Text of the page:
Letters to Management

This page is dedicated to Fred L. Moore, General Manager for WDGC-FM at the time.  In hindsight, Mr. Moore really let us get away with quite a bit.  In most cases, he turned the other cheek.  However, on a few occasions, we really pushed the limits and subsequently, we heard from Fred.  In most cases, we just got verbal hand slaps. On another occasion, I was actually suspended from my show for parking my car on the grass right outside the radio studio (a neighbor had called Mr. Moore down to the station at 11 at night.  He showed up in his pajamas and let me have it!)

Fred Moore, 1968

However, in between these two extremes, we had the greatest challenge – to overcome having our creativity stifled.  On the night of September 25, 1982, our third Smorgasbord radio show, Fred was listening.  He did not like what he heard, and I received a phone call immediately following our sign-off.  I answered the phone, and Fred was on the other end.  All he said to me was, “Don’t say a word – just get a pencil and paper and write this down!”.    What he had me write down eventually became to be known as “Fred’s 9 Commandments” (He never could come up with a 10th):

  1. DO NOT USE THE DELAY SYSTEM
  2. DO NOT PUT THE TELEPHONE ON THE AIR
  3. TALKING SHOULD NOT EXCEED 10 MINUTES PER HOUR
  4. DO NOT REFER TO EQUIPMENT FUNCTIONS ON THE AIR
  5. DO NOT TRY TO BE FUNNY BECAUSE YOU ARE NOT
  6. DO NOT TALK OVER SONGS OR OTHER RECORDED MATERIAL
  7. DO NOT TIE UP THE TELEPHONE
  8. GIGGLING AND STUDIO NOISES ARE PROHIBITED
  9. NO SPECIAL EFFECTS SHALL BE USED

# 5 especially hurt!  Listening back to the earliest shows now, he was probably right.   Dave and I were still new partners and we had not yet hit our stride.

Fred Moore, 1986 with Commandments

Essentially, if we had followed these new rules verbatim, we would have been forced to broadcast a traditional radio show – no call-in segments, no free-form conversation, no on-air contests.  Just 10-12 songs per hour, along with time and temperature.  We had high hopes for the show, and we were not about to lie down and play dead.  What followed this evening was back-and-forth letter writing essentially getting us to a compromise which allowed us some degree of flexibility to do a creative show.  Over time, we slowly started to push the limits again, but this would be a delicate balance between professional radio as Fred Moore wanted it and free-form conversation radio as Chris and Dave wanted it. We frequently got into battles with management over what was appropriate on-air behavior.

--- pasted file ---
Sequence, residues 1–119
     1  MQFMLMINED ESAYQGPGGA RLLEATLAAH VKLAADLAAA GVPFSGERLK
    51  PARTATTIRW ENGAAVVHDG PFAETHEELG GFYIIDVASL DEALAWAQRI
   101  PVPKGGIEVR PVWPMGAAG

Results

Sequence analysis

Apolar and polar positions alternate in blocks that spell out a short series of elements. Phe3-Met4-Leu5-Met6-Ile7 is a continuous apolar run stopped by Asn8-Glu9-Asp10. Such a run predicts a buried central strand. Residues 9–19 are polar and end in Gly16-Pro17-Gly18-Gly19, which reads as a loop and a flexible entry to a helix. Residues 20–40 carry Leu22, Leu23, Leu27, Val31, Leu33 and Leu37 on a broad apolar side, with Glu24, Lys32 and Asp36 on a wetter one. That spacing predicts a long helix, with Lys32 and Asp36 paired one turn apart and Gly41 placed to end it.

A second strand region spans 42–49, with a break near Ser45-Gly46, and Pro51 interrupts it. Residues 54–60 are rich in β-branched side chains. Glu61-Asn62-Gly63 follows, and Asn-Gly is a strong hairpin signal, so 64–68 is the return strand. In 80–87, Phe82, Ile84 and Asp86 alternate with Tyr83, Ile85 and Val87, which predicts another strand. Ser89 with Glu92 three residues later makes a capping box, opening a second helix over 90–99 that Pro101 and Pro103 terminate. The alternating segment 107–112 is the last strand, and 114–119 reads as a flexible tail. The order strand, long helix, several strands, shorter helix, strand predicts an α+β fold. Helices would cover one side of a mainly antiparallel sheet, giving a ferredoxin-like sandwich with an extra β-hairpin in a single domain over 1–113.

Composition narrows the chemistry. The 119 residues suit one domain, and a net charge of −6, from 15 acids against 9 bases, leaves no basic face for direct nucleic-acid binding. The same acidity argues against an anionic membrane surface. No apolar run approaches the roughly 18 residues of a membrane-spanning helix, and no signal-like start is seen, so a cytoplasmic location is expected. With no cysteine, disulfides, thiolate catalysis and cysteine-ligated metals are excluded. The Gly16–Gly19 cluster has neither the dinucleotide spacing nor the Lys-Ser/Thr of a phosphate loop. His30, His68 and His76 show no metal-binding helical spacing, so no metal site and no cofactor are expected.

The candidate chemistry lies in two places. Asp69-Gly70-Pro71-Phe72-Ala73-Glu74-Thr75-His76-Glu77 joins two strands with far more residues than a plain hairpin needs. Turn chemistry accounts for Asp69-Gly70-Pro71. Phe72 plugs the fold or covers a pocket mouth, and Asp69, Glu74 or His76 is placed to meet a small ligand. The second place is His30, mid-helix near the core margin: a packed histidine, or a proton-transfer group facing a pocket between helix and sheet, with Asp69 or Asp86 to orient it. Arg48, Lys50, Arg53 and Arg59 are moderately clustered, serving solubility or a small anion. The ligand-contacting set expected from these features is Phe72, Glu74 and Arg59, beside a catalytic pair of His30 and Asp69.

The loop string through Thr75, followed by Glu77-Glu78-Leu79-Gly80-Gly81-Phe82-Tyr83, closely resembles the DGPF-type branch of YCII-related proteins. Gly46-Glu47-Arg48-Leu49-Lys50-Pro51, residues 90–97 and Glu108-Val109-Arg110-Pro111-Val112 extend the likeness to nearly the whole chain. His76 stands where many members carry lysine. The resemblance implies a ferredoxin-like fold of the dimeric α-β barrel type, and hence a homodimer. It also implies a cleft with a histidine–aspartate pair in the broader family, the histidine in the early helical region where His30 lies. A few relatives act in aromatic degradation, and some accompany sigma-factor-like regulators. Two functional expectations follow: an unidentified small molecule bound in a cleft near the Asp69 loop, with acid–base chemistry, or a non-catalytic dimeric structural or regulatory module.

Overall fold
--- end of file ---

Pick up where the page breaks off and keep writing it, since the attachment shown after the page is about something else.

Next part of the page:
It inspired me to write a song appropriately entitled “Sympathy for the Deejay” (based on the classic Rolling Stones song).  Peet and I performed this at the Barn broadcast in March 17, 1984.

Then of course, there was the infamous “parking on the grass” incident.  I had lots of personal equipment that I brought to the station each week to do our show and it was quite cumbersome to make multiple trips to my car.  So one night toward the end of Season 2, I drove my car right up to the radio station door and unloaded the car.   That was my first mistake.   The second mistake was not moving the car back to the street.  A neighbor phoned Fred at about 11:00pm and told him to get down to the station.   Fred came down in his pajamas, turned off the transmitter before we could do a proper signoff and orally tore me to shreds.    I was suspended from my show for six weeks and Geoff Beran finished the season out.   In June 1984, I teamed up with Dave again to do Season 3 and we had Fred record this little bit for us, which we aired at the start of every show that summer:

FredMooreWarning-2.mp3